Nasrallah: I will go fight in Syria myself
BEIRUT // Hizbollah's leader Hassan Nasrallah struck a defiant tone yesterday and said he was ready go to Syria to fight after a car bomb targeting the Lebanese Shiite group killed 24 people in Beirut.
A militant Sunni group claimed responsibility for the bombing in the neighbourhood of Bir Al Abed where Hizbollah has a strong presence.
The Brigades of Aisha said the attack was a retaliatory measure against Hizbollah's support for the Bashar Al Assad regime in Syria. The attack was the latest example of Syria's war spilling into Lebanon.
In a speech broadcast on television as Lebanon held a day of mourning for the victims of the car bomb, Mr Nasrallah vowed to take the fight to Sunni rebels fighting to overthrow Mr Al Assad.
"I will go myself to Syria if it is so necessary in the battle ... Hizbollah and I will go to Syria."
Mr Nasrallah also described the attack as a "terrorist" attack against the Lebanese people.
"We call for mercy for the souls of the martyrs of the terrorist explosion in the southern suburb of Beirut," he said in a speech commemorating the end of the 2006 war against Israel.
Authorities said they were investigating whether the bombing was a suicide attack, a possibility that brought up memories of Lebanon's ravaging 1975-1990 civil war.
Observers immediately linked the bombing to the civil war in Syria, where Hizbollah has backed the Alawite regime of Mr Al Assad in what Mr Nasrallah has described as a battle against a western-backed conspiracy to weaken the "axis of resistance" against Israel. Hizbollah fighters have joined Syrian army troops in fighting the rebels, which led to threats of retaliation from Sunni rebel groups.
A car bomb was set off in the same neighbourhood as Thursday's attack just a month ago in an apparent "warning" shot. Fifty people were injured in that attack, but none were killed.
Soon after Thursday's bombing, the Brigades of Aisha, Mother of the Believers, said it was behind the attack and referred to it as a "second" message, suggesting the group was responsible for an earlier bombing as well.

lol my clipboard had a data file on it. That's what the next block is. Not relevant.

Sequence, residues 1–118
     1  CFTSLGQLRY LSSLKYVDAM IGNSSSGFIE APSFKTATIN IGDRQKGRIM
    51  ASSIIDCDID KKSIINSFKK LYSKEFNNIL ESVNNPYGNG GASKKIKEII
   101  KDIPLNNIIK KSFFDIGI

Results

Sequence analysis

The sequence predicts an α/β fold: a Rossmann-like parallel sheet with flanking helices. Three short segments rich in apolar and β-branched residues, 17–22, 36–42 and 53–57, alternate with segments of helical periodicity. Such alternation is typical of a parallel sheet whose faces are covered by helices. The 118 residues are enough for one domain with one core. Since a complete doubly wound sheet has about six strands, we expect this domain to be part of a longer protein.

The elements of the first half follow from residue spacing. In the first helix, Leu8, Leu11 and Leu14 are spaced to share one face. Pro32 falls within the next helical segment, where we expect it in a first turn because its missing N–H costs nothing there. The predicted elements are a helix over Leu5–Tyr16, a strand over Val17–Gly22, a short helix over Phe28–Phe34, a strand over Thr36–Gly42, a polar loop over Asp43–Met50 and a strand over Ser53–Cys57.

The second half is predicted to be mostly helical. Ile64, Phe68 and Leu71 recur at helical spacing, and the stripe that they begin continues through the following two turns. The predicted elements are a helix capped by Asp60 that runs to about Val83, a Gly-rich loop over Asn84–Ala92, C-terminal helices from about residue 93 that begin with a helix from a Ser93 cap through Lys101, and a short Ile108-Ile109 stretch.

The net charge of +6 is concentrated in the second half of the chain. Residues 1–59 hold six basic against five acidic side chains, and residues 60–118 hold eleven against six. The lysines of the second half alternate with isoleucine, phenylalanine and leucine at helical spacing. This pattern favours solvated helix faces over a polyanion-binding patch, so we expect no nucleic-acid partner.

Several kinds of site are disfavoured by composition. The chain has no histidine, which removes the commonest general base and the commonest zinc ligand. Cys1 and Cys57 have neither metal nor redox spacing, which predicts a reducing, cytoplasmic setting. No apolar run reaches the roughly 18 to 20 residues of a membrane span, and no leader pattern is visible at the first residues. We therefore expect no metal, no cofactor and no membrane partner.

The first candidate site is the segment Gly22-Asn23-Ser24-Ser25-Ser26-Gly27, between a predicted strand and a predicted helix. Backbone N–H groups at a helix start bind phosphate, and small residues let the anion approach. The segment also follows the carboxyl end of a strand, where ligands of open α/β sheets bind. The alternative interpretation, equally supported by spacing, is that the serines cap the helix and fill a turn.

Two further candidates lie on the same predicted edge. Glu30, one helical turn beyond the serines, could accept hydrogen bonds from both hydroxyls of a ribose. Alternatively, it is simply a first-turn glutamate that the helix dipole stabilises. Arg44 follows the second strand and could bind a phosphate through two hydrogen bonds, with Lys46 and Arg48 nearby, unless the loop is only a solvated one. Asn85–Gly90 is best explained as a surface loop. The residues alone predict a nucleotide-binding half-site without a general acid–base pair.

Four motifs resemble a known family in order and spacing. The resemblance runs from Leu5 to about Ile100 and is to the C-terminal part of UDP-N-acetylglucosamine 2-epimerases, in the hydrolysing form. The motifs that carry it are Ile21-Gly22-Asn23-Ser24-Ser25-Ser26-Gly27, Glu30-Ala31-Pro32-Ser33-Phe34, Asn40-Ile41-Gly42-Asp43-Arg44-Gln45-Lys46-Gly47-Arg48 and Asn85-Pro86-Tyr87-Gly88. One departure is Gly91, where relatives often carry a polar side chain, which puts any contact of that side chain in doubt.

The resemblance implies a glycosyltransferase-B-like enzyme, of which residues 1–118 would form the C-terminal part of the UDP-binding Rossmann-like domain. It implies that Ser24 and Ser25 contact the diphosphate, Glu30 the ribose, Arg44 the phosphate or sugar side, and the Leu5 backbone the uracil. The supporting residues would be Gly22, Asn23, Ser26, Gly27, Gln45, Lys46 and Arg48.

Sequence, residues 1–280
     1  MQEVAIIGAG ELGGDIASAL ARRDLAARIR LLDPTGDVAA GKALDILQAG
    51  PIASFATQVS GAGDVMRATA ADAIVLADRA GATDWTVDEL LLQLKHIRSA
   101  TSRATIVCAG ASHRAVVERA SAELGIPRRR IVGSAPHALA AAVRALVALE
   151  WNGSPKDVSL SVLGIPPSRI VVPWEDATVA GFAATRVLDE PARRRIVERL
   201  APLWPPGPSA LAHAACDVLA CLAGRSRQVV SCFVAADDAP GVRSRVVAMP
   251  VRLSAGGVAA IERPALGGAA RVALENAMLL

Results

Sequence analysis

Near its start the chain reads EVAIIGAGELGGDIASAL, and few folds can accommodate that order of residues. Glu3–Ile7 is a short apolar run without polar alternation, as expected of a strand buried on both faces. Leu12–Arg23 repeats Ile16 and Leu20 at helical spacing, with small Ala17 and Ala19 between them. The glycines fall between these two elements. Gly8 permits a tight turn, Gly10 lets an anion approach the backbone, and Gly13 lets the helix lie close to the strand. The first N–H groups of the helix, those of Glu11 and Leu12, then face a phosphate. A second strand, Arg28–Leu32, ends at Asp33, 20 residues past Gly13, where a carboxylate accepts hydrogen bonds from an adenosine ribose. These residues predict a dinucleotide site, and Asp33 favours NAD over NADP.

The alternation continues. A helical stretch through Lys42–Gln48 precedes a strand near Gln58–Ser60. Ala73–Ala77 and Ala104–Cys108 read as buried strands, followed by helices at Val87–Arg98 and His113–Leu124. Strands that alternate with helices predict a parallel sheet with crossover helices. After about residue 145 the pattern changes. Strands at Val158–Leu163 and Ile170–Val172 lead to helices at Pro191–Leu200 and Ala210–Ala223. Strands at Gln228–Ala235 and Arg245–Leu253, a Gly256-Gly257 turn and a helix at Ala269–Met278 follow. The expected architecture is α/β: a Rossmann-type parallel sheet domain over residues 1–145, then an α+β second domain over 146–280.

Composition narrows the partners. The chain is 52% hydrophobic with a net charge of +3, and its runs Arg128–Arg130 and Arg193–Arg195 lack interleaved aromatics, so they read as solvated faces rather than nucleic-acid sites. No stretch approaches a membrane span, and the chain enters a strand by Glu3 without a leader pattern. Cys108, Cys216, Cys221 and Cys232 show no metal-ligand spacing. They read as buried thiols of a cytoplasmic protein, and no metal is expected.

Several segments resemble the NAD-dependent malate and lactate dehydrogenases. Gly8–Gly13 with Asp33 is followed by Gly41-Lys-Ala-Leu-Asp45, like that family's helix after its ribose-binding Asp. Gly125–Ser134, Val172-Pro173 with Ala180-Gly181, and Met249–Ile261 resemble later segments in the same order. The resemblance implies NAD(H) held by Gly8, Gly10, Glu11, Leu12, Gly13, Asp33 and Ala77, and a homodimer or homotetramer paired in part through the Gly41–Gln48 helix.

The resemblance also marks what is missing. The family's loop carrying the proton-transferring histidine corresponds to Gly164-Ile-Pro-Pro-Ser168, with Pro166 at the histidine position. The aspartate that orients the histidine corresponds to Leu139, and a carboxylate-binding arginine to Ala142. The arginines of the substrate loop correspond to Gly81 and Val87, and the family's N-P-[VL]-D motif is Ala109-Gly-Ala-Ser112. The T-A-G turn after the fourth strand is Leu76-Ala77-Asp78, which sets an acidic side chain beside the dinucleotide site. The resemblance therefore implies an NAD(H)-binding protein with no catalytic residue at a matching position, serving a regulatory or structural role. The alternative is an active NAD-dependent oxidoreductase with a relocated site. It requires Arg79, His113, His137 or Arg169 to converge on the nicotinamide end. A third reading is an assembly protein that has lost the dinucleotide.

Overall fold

"Nasrallah is an agent for Iran and Israel and we promise more for him," the group said in a video.
Thursday's bombing was the worst attack since the Valentine's Day assassination of Rafiq Hariri in 2005, who was killed along with 21 others in a car bombing that transformed politics in Lebanon and led to the withdrawal of Syria from the country.
Analysts said they were not surprised by the latest bombing, only that it took so long to happen. The Syrian conflict had already begun spilling over into Lebanon, with sectarian fighting sporadically breaking out across the country since the Syrian conflict began.
"The threats against Hizbollah were being made all the time," said Hilal Khashan, a professor of political science at the American University of Beirut. "If you look at the pattern of events over the past year, you can see that things are escalating very quickly."
The risk, Professor Khashan said, was that continued attacks on Hizbollah-controlled areas would inspire so much anger among Shiites that Mr Nasrallah would be unable to stop individuals from carrying out their own attacks on Sunni groups in Lebanon.
"Hizbollah is going out of its way to keep things under control and trying to keep the Shiite community on a tight leash," he said. "The question is, if such explosions continue, can Hizbollah keep control of its constituency. If not, there will be serious Sunni-Shia strife in Lebanon that would weaken Hizbollah considerably."
Pressure was also mounting on Lebanese security forces and Hizbollah to uncover the identity of the assailants, said Timur Goksel, a former political adviser to United Nations peacekeepers in Lebanon.
"Unless you can find out who did this, you can't fight anyone," he said. "Until that time there is not much they can do. That's why you are not hearing very much from Hizbollah. They can't do anything about it yet."
Updated: August 17, 2013 04:00 AM